With long-term changes in the workplace underway, here’s what you can do now to prepare employees for the future of work.
In his commencement speech to Wright State University’s 2020 class, actor Tom Hanks referred to the Covid-19 pandemic as “the great reset” and “the great reboot.” The specifics of that reset have yet to be determined, but his message made clear that whatever they turn out to be, they will represent a distinct break from the patterns that preceded it.
Some of those details are now beginning to emerge, particularly those that apply to workplaces and to the workforce itself. For starters, it now seems unlikely that the disease will be eradicated before the need to resume economic activity becomes imperative. But what will it take to make employees feel confident that coming to work is something they can do without feeling unsafe? The prevailing architecture of office space — with open floor plans and cubicles designed to reduce square footage and maximize collaboration between closely spaced co-workers — may no longer provide the personal separation that people feel comfortable with.
As for the workforce itself, the work-from-home model is having a huge and likely lasting impact. A recent survey conducted by Jones Lang LaSalle found that just over 60% of the workers polled plan to return to their office for part of the week but will continue to spend a significant amount of work time at home, while only 34.5% expect to go back to the office full-time. It is a sentiment supported in a survey of corporate finance leaders conducted by Gartner, Inc. at the end of March, which revealed that three-quarters of the executives planned to move “at least 5% of their previously on-site workforce to permanently remote positions” following the pandemic. An analysis by the University of Chicago confirmed that 34% of U.S. jobs could plausibly be done from home.
This shift will compel businesses to build systems and strategies to meet the demands of the new status quo. Here are the key steps that all businesses can take now to prepare for the future workforce:
1. Ensure training processes are in place to help employees use technologies. Many companies already rely on a variety of technologies to enable their operations, from CRM platforms to task management and lead-gen software. The challenge now will be onboarding new employees and ensuring they get the training needed to use all the tools that are in place. It will be crucial to ensure that employees are using these tools efficiently as they come to administer a greater and greater share of those employees’ output.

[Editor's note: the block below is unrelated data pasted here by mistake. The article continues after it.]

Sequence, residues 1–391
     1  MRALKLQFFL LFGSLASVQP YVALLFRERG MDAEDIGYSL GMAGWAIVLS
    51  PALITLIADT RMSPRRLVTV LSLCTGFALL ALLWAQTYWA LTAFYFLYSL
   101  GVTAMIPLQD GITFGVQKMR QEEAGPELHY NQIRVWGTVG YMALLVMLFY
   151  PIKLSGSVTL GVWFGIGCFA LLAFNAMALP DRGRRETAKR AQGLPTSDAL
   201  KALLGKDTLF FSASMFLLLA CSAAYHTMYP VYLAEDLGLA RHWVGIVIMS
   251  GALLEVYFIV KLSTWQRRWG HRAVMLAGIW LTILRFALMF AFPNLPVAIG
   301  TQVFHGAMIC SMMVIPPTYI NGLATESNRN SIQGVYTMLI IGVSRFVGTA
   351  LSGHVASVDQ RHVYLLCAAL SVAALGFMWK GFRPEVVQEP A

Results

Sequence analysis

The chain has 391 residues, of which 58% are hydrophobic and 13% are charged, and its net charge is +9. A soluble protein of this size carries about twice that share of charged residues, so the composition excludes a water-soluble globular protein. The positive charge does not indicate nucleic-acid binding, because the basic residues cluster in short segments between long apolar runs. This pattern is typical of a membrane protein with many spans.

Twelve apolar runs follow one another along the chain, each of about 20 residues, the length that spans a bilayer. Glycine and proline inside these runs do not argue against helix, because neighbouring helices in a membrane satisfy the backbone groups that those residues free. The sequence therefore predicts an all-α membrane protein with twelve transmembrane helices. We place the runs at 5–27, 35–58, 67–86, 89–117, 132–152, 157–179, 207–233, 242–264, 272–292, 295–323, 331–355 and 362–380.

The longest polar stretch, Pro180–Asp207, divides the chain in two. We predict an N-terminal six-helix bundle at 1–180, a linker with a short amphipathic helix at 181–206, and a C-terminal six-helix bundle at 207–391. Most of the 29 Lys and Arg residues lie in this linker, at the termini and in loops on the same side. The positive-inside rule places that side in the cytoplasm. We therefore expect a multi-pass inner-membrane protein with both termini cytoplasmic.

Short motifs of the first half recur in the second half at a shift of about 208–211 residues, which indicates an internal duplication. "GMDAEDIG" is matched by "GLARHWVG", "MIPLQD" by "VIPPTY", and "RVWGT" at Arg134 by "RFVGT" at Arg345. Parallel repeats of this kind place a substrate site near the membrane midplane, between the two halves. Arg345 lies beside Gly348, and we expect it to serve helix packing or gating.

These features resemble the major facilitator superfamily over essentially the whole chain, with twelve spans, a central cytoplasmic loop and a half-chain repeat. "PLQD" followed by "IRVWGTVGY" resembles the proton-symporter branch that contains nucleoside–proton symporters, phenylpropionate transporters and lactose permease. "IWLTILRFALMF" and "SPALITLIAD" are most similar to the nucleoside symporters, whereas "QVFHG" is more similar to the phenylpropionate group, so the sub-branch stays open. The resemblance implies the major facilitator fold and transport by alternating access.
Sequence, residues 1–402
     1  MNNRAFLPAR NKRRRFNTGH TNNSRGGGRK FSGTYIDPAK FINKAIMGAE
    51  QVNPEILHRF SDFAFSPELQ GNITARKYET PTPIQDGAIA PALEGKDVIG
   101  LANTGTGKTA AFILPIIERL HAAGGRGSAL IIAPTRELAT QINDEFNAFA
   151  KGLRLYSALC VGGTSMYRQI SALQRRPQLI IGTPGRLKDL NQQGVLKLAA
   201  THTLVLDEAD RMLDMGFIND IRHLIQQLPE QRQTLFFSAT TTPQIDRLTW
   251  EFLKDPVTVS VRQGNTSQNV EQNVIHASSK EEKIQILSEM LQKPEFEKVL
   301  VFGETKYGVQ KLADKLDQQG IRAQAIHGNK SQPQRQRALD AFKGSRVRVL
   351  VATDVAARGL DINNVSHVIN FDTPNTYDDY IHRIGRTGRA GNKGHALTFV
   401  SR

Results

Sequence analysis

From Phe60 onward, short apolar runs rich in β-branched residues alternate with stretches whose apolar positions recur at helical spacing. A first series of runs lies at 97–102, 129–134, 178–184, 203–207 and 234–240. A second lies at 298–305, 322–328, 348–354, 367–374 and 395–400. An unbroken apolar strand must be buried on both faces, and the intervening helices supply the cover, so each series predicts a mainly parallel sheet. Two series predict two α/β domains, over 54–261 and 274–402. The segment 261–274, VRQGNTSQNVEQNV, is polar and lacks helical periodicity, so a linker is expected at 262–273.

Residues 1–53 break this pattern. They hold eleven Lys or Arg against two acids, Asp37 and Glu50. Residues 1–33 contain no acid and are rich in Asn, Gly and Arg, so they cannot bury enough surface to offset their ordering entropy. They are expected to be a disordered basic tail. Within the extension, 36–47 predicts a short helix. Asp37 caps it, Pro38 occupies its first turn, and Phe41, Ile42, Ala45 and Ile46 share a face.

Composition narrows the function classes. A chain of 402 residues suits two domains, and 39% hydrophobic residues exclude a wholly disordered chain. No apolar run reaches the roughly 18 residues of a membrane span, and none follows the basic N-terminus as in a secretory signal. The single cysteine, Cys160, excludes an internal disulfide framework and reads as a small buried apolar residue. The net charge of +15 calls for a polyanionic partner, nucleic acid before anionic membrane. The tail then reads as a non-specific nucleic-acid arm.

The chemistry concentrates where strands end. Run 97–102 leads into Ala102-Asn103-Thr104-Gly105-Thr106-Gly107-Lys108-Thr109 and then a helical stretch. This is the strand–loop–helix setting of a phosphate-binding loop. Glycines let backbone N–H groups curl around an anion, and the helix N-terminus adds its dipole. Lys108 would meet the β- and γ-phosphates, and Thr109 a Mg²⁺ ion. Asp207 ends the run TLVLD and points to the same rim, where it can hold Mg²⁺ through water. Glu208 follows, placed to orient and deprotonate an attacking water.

In a study conducted by Forrester before the pandemic, organizations attribute the lack of CRM adoption to people-related obstacles, with 49% due to slow user adoption. This is not sustainable, especially in a business environment characterized by remote work and one that is increasingly powered by digital platforms. One way companies could address this is by deploying digital adoption solutions, which can provide personalized in-app guidance throughout the user’s journey.
2. Help your people collaborate remotely. Business leaders must also ensure that teams are collaborating effectively, which can start to become challenging as we forgo face-to-face interaction. This means organizations may need to transition processes to the cloud, perhaps more rapidly than they planned initially, so that remote workers can access the appropriate resources to do their jobs. In this new normal, employees can easily feel overwhelmed with the sheer rapidity of the digital transition. Companies could implement solutions that offer personalized digital guidance to help their people adapt.
3. Set success metrics upfront and be ready to adapt. As these digital tools take on greater importance in connecting newly distributed workforces, it will be essential to ensure employees are using them efficiently and that, in cases where efficiency may be flagging, decision-makers can make the necessary adjustments without disrupting workflows. With the dramatic decrease of face-to-face communications, it’ll be increasingly more difficult for decision-makers to gauge employee sentiment as well as receive and act upon feedback. Therefore, it’s essential to establish metrics upfront so they can quickly identify bottlenecks and other dynamics that can have a profound business impact.
While there’s a myriad of enterprise solutions currently out in the market, it’s common to come across roadblocks that can prevent a successful implementation. Oftentimes, businesses are challenged with selecting the right solution and may also find resistance from their end users when it comes to adopting new technology. This is when specific programs, depending on your goals and the outcome desired, should be devised.
It starts with asking yourself the right questions and why you’re searching for these solutions. Can a new tool seamlessly connect to your existing technology stack? Why are you selecting a specific tool, and how are you going to get your end users to adopt it? Creating a rollout plan — whether it’s in phases or rolling it out all at once, or assigning a project manager to help onboard and train new users — could empower the adoption of these new tools. Providing employees with the digital tools they need also helps to empower them to take their own initiative in training and development without the traditional office resources they’re used to such as asking a fellow colleague to walk them through a task in person.
Businesses today are facing monumental challenges to adapt to a new normal. Taking action now to establish processes and put in place tools to help employees succeed will pay enormous dividends in the months and years ahead, especially once repairs from the current pandemic’s damage are underway.